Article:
Kristin Sharp is the executive director of New America and Bloomberg’s joint initiative, SHIFT: The Commission on Work, Workers, and Technology.
Prior to launching SHIFT, she had an extensive career in technology, innovation, and national security policy in the U.S. Senate, most recently serving as deputy chief of staff to Sen. Mark Warner (D-Va.), and the architect of his initiative examining the impact of the on-demand economy and contingent workforce on capitalism.
In the Senate, Sharp also held positions as legislative director for Sens. Mark Pryor (D-Ark.) and Amy Klobuchar (D-Minn.). In addition, she held a variety of senior staff roles on the Senate Homeland Security and Governmental Affairs Committee and was an advisor to Sen. Richard Lugar (R-Ind.) on the Senate Foreign Relations Committee.
In addition to her work with New America/Bloomberg, she is a frequent speaker on the future of work and consults for a variety of private start-ups. Sharp is a member of the board of the Herbert Scoville Peace Fellowship. She has an M.A. from Duke University in Political Science, and a B.A. from the University of Michigan.
Editor’s Note: This opinion piece is part of the Special Focus « Women’s Leadership in the Workplace of Tomorrow« .
As Executive Director of the Shift Commission and former senior staff to US Senate leadership, I’m often asked for my advice to women who want to succeed in political, policy, or technology fields. My advice is always the same: act with confidence, without explaining or justifying your behavior. Technological progress and new ways of working make it easier than ever to do so.
Women in general, and younger women in particular, often underestimate themselves in seeking out new opportunities. First, in looking for new positions, we try to measure up to an imaginary perfect standard we think employers or others in their field want to see. This was highlighted concretely in a 2014 internal study by HP showing that women wanted to have 100% of the qualifications listed on a job posting in order to feel comfortable applying while men felt confident applying with just 60%. Waiting for 100% lets the perfect be the enemy of the good. In truth, employers know that most candidates don’t have all of the necessary strengths for a job; as an employer you look for the candidate with the best combination of strengths for a role. Often, a number of different combinations can fit the bill. Instead of worrying about the ways in which we don’t measure up, women should focus on going into an interview having thought carefully about how to shape the role – having used the plethora of on-line job aggregators and skills matching/training companies to examine the data about the field and industry. Having a well-defined and confidently articulated perspective on how to add value in a job will sometimes align with the interviewer’s vision for the position and sometimes not, but it will almost always make you stand out from the crowd.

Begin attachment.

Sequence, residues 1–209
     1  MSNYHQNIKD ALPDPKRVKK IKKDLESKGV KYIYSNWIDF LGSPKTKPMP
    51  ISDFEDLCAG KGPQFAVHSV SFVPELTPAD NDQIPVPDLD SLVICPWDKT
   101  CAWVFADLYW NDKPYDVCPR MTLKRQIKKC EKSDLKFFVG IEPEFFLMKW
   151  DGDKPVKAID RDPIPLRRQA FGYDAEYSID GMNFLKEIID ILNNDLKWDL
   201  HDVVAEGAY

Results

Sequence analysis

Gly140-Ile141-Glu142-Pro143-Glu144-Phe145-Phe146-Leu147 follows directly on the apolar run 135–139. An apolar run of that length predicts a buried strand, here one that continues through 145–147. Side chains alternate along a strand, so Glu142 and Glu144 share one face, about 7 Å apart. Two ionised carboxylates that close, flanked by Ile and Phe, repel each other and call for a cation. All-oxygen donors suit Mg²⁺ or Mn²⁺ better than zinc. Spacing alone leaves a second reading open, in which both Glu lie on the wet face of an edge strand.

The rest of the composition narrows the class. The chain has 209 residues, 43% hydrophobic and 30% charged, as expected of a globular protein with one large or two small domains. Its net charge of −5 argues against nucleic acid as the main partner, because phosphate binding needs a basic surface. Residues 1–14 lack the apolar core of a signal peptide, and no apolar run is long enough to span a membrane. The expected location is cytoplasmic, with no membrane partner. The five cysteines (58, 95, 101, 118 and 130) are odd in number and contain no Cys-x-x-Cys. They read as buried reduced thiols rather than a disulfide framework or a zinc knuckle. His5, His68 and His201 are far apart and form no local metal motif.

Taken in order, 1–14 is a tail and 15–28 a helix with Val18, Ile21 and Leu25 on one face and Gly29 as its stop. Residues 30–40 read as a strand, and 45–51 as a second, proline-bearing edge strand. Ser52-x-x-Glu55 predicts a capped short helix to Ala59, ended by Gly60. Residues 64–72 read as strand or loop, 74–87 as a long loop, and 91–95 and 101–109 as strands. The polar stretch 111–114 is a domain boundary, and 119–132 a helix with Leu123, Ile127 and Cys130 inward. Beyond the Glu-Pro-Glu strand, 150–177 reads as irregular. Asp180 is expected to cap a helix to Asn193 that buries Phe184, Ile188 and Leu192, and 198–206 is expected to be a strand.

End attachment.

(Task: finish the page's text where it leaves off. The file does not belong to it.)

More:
Second, once women land a job, they often report feeling pressure to “be nice.” This manifests in not negotiating their salaries (because it appears ungrateful for the opportunity or starts off on the wrong foot), not speaking up in meetings (for fear of seeming uninformed), and in waiting for superiors to notice they’re doing a good job and give them more responsibility rather than directly asking for a promotion. In doing so, we’re operating under the constraints of an old work world – the one that viewed carrying out an assignment well as evidence of high performance. The work world of the 21st Century economy isn’t based on perfectly implementing someone else’s ideas. It’s based on identifying what needs to happen and seeking out the funding, mentors, and strategy to achieve it.
Third, women explain their actions more than men do. I’ve often sat in meetings with very smart and accomplished women who start with “I haven’t had a lot of experience in this topic, but …” and then make a statement. Doing so primes colleagues to disregard your comments and makes you sound sheepish about speaking up. Similarly, in the wake of work disagreements, women often seek to further explain their perspectives privately, which can comes across as insecure. To their bosses, I often hear female colleagues justify their absences with long explanations of why a dental appointment is necessary or the importance of a child’s school picnic. It’s simpler and more efficient to just say “I have to leave at x time on Thursday,” and then briefly state when you’ll make up any work responsibilities. No justification necessary.
Luckily, trends in technology may make it easier to operate confidently and independently in the coming decade. Over the past 10 years, one of the largest areas of economic growth has been in the contingent workforce, defined as a task performed on a project or temporary basis rather than on a regular 9-5 schedule. The transition to contingent work has both positive aspects (increased autonomy and flexibility) and negative (income inconsistency). But regardless, it always relies on an individual’s ability to create or identify new opportunities and go after them. Technology platforms that connect contractors with work – like Upwork, Thumbtack, or Etsy to name a few – allow entrepreneurial women an unlimited access to clients on their own terms.
Growth in contract work, reduced transaction costs in finding work or skills as a result of technology, and a new emphasis on self-motivation and entrepreneurship are the defining characteristics of the American economy in the digital age. If we act with confidence and purpose, women are well-positioned to turn these trends to their advantage.
Article by Kristin Sharp for the EVE Program